We write a lot about things that should scare title agents, real estate attorneys and home buyers, like unrecorded liens and permits– but we really haven’t touched on the subject of HOAs & Association Estoppels. So this week, I’m changing that.
How can a dissolved HOA come back to haunt a new owner?
Let’s start by saying that associations are everywhere in Florida. In fact, 15-20% of all associations in the United States are right here in the Sunshine State. Associations are growing all over the country, not just Florida. Arizona, California, and Texas, just to name a few, are seeing massive growth of developments governed by a community association. Obviously, if you know the home you’re closing on is in an HOA, you’re going to order an HOA Estoppel or Certificate–that’s common sense. What happens if that home used to be in an association, but isn’t anymore?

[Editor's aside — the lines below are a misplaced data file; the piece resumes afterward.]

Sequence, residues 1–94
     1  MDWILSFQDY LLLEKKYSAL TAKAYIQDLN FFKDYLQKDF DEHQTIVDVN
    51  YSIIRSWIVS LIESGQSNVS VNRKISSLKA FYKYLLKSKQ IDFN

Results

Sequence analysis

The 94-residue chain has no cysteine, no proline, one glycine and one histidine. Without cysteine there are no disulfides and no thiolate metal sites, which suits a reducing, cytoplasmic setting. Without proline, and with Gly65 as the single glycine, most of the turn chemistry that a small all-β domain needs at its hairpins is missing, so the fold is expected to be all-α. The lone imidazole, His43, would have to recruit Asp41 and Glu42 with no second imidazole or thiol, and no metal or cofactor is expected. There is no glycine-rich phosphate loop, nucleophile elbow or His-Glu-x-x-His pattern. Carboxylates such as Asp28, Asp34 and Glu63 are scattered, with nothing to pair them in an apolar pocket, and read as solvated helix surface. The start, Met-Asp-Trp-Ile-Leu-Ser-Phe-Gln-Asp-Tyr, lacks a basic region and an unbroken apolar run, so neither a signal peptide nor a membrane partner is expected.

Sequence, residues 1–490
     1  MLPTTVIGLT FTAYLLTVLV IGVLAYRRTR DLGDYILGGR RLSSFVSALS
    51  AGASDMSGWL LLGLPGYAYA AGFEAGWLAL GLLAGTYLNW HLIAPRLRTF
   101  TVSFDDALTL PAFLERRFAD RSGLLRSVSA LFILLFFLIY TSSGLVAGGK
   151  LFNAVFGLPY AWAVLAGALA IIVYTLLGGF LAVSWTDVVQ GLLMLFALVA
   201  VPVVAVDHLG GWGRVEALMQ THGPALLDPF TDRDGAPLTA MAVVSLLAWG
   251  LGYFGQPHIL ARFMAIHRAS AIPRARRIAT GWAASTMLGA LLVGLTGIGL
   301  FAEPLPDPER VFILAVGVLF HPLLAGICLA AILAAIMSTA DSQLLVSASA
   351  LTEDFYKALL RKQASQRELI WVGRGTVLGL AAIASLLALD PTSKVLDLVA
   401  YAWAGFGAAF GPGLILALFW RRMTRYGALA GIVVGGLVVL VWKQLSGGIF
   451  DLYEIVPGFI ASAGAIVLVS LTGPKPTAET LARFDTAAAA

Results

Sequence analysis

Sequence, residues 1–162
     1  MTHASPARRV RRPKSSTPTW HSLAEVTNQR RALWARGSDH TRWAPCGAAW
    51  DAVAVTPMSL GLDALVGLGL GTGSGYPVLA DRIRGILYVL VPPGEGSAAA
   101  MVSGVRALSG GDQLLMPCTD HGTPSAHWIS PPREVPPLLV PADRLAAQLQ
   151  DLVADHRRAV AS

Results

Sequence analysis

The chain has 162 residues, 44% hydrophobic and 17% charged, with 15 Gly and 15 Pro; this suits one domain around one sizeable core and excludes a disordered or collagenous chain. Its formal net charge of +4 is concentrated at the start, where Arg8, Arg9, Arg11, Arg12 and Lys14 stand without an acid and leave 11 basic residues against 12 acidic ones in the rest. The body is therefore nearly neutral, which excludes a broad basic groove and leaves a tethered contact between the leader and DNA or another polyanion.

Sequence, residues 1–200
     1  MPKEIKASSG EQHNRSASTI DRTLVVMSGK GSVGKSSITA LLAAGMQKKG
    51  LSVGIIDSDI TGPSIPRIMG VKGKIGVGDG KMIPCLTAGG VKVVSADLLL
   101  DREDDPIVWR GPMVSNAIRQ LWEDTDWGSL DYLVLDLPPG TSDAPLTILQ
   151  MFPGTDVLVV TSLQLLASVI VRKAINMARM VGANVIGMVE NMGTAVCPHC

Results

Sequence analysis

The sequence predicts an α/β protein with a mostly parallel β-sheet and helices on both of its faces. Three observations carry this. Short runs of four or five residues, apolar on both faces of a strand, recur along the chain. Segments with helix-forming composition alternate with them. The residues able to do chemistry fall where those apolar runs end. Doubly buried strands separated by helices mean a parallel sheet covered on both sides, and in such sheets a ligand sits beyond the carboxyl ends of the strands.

Homeowners’ Associations dissolve and reemerge more often than you’d think, for a variety of reasons. This is where you need to be vigilant:
- If you come across an HOA that has been dissolved, don’t assume you’re safe.
- In some cases, HOAs can be reinstated and start charging fees after closing.
- It’s also important to note (especially for buyers) that we run into title commitments that have incorrect or outdated information about HOAs from time to time.
- Reinstated HOAs may go by a new name, have a new board and new bylaws.
It’s possible a new homeowner would be happy–or at least indifferent– to seeing an HOA reinstated without prior knowledge of its existence — but I think it’s best to know everything you can.
Got questions for our resident Association Estoppel expert? Email us at firstname.lastname@example.org.